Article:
To your right is a woman behind a counter at a diner. She had her hair pulled up because it rained last night and today and she decided not to wash it until the sky turned dry again. She has an accent from Greece and her waist smells like grease from the hug she received from the man who delivers food to the upper west siders on his bicycle. A two-piece suited man arrives with briefcase and anger. I want to complain to the manager but let me tell it to you because I don’t want to be here any longer than I have to so here it is: I ordered a turkey sandwich and there was very little cranberry sauce I asked for cranberry sauce and the fries were too fried and too much was missing to call it a meal. I don’t know how you remain in business. And when he left, the woman’s polite smile turned into a squiggle like a scratched out word and this is when she meets your eye because your were
staring observing and your smiles lit each other on fire.
The fire is like a wheel– all orangey red like the best kind of grapefruit– and it transports you to a church. You wipe off the soot and smell of campfire-burnt-flesh but it’s okay because you have enough skin to lose some sometimes. In this church are a mix of genders and the ones in between without a slot on applications or birth certificates and you notice the one wearing animal skin on his head like a hunter and around his shoulders and against his thighs. And this hunter is kind and believes in gun control but his friend wears a placard that says only cannibals eat animals so this hunter stays on the other side of the room where photographs are permitted. Later on, Hunter walks up to where the candles are lit and reads a poem about not wanting to be here but having to be here because sometimes you have to be somewhere to understand how you got there (breathe). And he drinks from a paper bag and then turns it upside down because maybe the floor felt thirst and how nice to consider the wood sometimes.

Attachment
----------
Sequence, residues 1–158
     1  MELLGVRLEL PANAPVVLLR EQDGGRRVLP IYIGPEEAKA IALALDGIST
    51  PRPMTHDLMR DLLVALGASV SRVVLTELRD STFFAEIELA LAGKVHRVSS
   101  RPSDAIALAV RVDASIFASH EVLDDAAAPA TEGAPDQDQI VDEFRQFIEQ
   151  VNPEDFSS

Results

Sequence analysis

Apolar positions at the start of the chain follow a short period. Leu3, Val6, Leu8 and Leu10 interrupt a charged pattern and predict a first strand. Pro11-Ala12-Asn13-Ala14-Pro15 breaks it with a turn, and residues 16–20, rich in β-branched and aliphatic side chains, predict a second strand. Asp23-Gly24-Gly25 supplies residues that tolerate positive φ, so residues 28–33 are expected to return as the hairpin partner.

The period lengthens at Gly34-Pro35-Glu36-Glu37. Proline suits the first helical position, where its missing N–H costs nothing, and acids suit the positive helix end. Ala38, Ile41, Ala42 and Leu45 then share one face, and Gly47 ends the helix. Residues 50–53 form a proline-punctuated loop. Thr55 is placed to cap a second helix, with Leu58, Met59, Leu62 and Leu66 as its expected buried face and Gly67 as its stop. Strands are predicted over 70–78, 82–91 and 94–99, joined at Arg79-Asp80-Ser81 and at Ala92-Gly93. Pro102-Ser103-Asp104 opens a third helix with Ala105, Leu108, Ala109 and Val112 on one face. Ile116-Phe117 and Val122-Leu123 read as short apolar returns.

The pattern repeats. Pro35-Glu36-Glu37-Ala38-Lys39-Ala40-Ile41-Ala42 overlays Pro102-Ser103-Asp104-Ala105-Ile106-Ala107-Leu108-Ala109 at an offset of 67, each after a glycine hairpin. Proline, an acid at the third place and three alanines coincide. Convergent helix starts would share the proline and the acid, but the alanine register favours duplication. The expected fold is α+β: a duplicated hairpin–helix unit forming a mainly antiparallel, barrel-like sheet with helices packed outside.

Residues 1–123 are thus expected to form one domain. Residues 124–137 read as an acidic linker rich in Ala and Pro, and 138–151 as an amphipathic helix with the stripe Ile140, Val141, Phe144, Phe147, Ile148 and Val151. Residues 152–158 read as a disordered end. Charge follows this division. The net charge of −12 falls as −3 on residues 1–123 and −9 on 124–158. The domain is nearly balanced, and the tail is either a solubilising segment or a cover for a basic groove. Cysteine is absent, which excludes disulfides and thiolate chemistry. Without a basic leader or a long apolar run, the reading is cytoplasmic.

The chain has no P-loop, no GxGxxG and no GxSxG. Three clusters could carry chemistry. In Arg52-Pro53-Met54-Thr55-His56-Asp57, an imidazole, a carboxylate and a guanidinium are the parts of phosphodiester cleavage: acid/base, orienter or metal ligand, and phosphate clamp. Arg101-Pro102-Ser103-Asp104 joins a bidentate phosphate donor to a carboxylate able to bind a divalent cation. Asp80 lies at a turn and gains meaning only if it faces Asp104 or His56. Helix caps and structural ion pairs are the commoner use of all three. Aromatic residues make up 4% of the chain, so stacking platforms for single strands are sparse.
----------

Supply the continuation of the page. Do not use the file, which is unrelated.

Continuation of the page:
The wood has no teeth, but if it did it would stretch out its knots to reveal its gratitude. Wood can be anti-social sometimes and pull away from other wood but when it is shellacked in gratitude, it can notice the beauty in other forms like bench or porch or swing or staircase. You are crying because this is a memorial service and you haven’t attended enough of these to have control of your tears and one hits the wood and this is when the magic happens. Your salt twists into the fibrous planks and suddenly the scent of earth is so potent that the Hunter stops speaking and everyone turns around to look at you. Your tears are contagious. Their eyes grow soggy too and the wood is now drenched and pulling away from itself and the earth is visible in a way it never has been before. It is honest and imperfect because holes equal imperfection, right? Holes equate to something missing or maybe or maybe or maybe it means wholeness because in this moment everyone noticed each other and words swirled up over heads like a linguistic tornado and how beautiful and how beautiful. And this is meaning.